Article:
6. I offer the following as a cautionary tale.... I wanted to create a lightweight back scene I could use when exhibiting my HOm RhB layout "Rosental". Having thought about it long and hard I purchased a Faller “Oberstdorf “ back scene that looks the business and some A1 sheets of white 5mm Foam board. I had to join an extra strip of foam board down the side of each piece as the Faller sections are slightly longer than the A1 foam board sheets. So far so good. I was planning to stick the back scenes to the foam board using Prit Stik but then found we had some Solvite wall paper paste and decided to use that as I thought being able to slide it about a bit initially would help position the backscene on the foam board. This is where things started to go Wrong. When pasted with Solvite the Faller back scene sections increased in length by about an inch or so and were too long to fit my accurately cut foam board sections! Anyway, I centralised them thinking I would cut off the excess and jiggle the joints afterwards. Worse still I didn't weight them down to dry and then found that the height of the back scenes had shrunk back during drying and induced a nice concave shape into my foam board sections! (see photo) - Argh! (and various other expletives I would rather not type here...). I tried weighting them flat and even standing on the reverse side but to no avail. (I just put a lot of small creases in the foam board). I thought about buying a replacement.... In the end I decide to use 12mm x 32mm pine wood (doorstop) strips on the back to pull out the curvature. It is working and the pieces are still quite light to handle which was one of the initial considerations. (see photos). My wife saw them in the garage and said they looked good without prompting so that is good enough for me... I am planning to put another strip of wood along the white section on the front of each as a means of attaching the back scene to the layout. Learning points: 1. Like wall paper, most paper backscenes may stretch and perhaps shrink back when pasted with wall paper paste or diluted PVA glue. (obvious really to anyone who has put up wallpaper at home !) 2. Unsupported 5mm foam board isn't rigid enough to resist bending forces of shrinking thick papers.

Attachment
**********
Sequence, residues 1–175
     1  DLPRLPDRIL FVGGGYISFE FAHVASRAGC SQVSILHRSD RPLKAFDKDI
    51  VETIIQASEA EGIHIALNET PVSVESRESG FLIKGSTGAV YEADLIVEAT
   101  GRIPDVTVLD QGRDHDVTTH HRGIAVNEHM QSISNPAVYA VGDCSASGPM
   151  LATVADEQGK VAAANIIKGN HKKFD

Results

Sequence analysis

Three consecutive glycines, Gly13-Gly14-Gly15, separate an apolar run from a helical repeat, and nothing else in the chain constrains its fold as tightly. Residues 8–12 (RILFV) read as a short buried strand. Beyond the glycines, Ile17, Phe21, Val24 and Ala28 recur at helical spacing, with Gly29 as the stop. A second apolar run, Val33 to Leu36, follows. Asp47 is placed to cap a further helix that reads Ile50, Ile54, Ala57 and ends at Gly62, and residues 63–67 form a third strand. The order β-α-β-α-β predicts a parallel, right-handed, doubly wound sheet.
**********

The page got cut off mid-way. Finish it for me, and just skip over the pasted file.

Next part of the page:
7. Hi Martin, Thanks for this. There are some really useful items on this site.
  8. HI Nick Pleased to see you are making good progress. That Control Panel really looks the business. It's amazing how much coloured electrical wire a relatively small layout consumes! Bit sad that you have to buy more on line rather than from your local model shop though. It is really important to get that first circuit of track wired up so you can see something run right round the layout as a sort of reward for all your effort so far. It boosts your morale no end ready to continue the work.....I look forward to coming back to Wales to see it when you exhibit it. Do you have a target completion date in mind? Cheers John.
  9. Hi Nick Going to 7 tracks on the fiddle yard is a good move. Sometimes you need to get your fingers and thumb down between the lines of stock in the fiddle yard to deal with say a minor derailment etc. Nothing worse than knocking adjacent stock off the the rails by accident because there wasn't enough space to work in. One thing I learnt from my other hobby building radio control off shore i.c. power boats is that things need to be both robust and accessible ( in the event something should break or fail) and this applies to exhibition layouts too. Hi Paul, Thanks for the explanation why RhB locos have high pitched whistles and now high pitched horns. I would never have realised it was to do with avoiding avalanches. That said I think some of the early Southern Railway electric multiple units had air operated whistles too. I suspect that was because in those days the railway workers were used to listening for steam loco whistles.
  10. On the subject of test locos I have just got myself a Bemo HOm RhB Krokodil. I have noticed that the long wheelbase six wheel drive units are more sensitive to drag(?) when passing through turnouts so unlike the Bo Bo electrics you really have to drive it to maintain a constant speed across the layout. Electrical pickup of course is not a problem and watching the rods in motion is rather fascinating.....